Worker safety is still at risk due to exposure to asbestos, according to a recent Iowa OSHA alert. Considered by many to be a thing of the past, asbestos still shows up in some workplaces from time to time. Asbestos does pose a danger to anyone in its vicinity.
Builders can no longer use asbestos and most of it used in construction prior to the ban has been removed. The recent alert warns of its lingering presence in the automotive industry, however. Older model cars and trucks may have asbestos in their brakes and clutches, where it poses a risk to mechanics working on these vehicles.
Asbestos is a mineral composed of tiny fibrous particles that can become airborne and inhaled. These tiny particles are much too small to see with the naked eye but they pose extreme risk once inhaled. Each year, 10,000 Americans die from lung and gastrointestinal cancers, asbestosis, and mesothelioma caused by the ingestion of asbestos.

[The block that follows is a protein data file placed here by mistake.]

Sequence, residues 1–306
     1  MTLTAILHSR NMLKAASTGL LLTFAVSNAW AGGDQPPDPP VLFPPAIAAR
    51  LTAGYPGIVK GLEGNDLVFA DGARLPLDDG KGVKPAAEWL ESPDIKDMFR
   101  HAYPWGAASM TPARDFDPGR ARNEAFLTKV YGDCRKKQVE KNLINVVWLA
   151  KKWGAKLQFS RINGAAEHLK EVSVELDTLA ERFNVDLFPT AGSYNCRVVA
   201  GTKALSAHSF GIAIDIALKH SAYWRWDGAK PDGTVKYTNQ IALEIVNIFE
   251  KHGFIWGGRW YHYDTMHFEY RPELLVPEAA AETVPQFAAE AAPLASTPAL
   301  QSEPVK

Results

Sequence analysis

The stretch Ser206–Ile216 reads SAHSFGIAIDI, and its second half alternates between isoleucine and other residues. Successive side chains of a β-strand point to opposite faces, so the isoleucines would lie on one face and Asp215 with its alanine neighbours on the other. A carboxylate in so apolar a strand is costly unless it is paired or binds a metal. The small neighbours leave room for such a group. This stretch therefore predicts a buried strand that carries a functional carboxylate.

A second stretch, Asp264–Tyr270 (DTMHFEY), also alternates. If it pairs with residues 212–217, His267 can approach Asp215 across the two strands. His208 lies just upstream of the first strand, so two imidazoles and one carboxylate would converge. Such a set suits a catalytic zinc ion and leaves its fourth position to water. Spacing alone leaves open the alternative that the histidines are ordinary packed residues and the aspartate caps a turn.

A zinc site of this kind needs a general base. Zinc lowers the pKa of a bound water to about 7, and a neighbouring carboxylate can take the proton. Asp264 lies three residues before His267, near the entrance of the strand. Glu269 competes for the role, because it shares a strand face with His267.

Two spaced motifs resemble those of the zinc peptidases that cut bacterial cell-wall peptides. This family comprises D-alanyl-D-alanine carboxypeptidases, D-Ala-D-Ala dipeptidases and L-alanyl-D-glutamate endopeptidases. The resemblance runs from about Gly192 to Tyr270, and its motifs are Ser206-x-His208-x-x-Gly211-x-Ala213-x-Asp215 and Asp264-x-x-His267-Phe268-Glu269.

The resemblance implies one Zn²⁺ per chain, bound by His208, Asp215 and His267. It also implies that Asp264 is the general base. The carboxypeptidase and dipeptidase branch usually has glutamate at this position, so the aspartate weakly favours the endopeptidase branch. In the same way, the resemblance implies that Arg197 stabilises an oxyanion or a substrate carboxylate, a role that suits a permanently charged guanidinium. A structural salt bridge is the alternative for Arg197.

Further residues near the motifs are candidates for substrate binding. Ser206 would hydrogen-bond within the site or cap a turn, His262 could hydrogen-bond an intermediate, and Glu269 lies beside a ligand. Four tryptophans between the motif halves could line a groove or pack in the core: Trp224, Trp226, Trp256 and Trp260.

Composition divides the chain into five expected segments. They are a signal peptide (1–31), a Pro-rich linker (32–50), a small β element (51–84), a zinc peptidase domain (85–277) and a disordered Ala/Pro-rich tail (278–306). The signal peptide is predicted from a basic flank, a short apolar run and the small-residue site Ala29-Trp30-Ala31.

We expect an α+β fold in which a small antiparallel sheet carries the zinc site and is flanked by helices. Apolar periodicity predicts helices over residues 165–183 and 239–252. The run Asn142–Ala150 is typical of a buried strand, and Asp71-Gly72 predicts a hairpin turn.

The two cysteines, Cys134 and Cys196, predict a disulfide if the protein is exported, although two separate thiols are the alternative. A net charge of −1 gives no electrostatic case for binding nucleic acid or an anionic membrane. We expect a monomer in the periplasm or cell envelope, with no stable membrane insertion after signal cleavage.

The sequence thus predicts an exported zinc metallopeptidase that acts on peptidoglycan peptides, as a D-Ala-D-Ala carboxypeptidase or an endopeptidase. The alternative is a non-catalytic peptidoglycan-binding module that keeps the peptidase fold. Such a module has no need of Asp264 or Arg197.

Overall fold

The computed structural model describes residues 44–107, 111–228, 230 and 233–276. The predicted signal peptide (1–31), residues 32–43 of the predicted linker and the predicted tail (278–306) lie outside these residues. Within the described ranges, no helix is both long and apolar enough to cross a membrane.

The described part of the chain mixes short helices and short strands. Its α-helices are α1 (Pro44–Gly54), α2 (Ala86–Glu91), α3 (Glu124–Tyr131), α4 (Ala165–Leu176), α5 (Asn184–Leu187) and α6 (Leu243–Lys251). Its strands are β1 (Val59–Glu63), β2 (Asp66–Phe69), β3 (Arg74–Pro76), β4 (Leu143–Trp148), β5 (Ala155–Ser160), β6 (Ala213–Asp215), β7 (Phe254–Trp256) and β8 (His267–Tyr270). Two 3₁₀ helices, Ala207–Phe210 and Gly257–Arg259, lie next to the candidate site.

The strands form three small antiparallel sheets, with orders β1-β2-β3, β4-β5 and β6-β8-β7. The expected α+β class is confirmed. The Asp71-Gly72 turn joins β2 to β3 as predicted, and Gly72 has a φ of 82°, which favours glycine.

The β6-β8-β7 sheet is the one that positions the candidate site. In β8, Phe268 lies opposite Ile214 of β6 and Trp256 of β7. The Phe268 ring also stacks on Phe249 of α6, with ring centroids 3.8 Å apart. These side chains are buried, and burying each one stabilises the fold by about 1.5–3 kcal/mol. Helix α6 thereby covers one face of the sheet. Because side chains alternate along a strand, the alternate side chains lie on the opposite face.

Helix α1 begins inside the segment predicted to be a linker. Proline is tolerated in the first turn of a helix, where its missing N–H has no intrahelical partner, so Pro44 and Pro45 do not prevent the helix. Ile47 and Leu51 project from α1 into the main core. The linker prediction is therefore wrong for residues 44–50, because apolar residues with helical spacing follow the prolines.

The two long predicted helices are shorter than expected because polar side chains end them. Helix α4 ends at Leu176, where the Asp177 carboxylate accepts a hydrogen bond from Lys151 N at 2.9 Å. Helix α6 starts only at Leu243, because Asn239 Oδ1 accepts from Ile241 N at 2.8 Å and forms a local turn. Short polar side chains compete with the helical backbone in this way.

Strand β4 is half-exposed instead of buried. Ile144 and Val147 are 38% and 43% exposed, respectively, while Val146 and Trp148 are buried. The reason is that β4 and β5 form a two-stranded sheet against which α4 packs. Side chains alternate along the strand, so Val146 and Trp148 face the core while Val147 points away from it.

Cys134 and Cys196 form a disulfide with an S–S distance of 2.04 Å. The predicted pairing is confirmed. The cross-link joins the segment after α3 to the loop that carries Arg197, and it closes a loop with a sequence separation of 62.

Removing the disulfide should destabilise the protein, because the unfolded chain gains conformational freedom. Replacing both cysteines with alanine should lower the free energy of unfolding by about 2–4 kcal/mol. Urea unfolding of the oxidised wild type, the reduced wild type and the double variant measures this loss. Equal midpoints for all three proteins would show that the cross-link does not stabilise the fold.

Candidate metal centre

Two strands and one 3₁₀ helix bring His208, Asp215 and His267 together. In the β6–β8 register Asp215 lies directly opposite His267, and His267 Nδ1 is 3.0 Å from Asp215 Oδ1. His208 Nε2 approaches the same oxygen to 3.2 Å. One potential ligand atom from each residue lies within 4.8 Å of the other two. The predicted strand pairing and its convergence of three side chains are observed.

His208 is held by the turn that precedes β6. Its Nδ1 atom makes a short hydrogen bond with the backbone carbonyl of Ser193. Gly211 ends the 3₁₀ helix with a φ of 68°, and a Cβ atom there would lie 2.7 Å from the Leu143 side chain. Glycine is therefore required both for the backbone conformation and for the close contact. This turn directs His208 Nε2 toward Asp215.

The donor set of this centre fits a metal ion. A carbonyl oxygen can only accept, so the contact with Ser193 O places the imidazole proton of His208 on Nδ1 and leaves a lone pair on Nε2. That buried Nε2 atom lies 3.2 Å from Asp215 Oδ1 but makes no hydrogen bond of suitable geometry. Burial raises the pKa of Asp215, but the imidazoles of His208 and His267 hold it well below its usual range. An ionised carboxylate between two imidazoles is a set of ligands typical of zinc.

One prime danger of asbestos in older vehicles is that there is no way to determine which ones might contain the substance. For this reason, Iowa OSHA suggests that all parts of the clutch and brake systems of older vehicles be handled as if they do, in fact, contain asbestos.
With very few safe ways to handle asbestos, the recent Iowa OSHA alert recommends working with the substance in a negative pressure enclosure / HEPA vacuum system or using a low pressure / wet cleaning method. The airborne nature of asbestos particles makes it a danger to the mechanic and to everyone in the shop, as well.
The Iowa worker safety alert specifically addresses occupational safety and health and holds no jurisdiction over people doing mechanical work on older model vehicles during private time but the risk affects them, too. The state safety watchdog agency strongly recommends seeking professional services for any needed repairs to the clutch or brake systems of all older vehicles.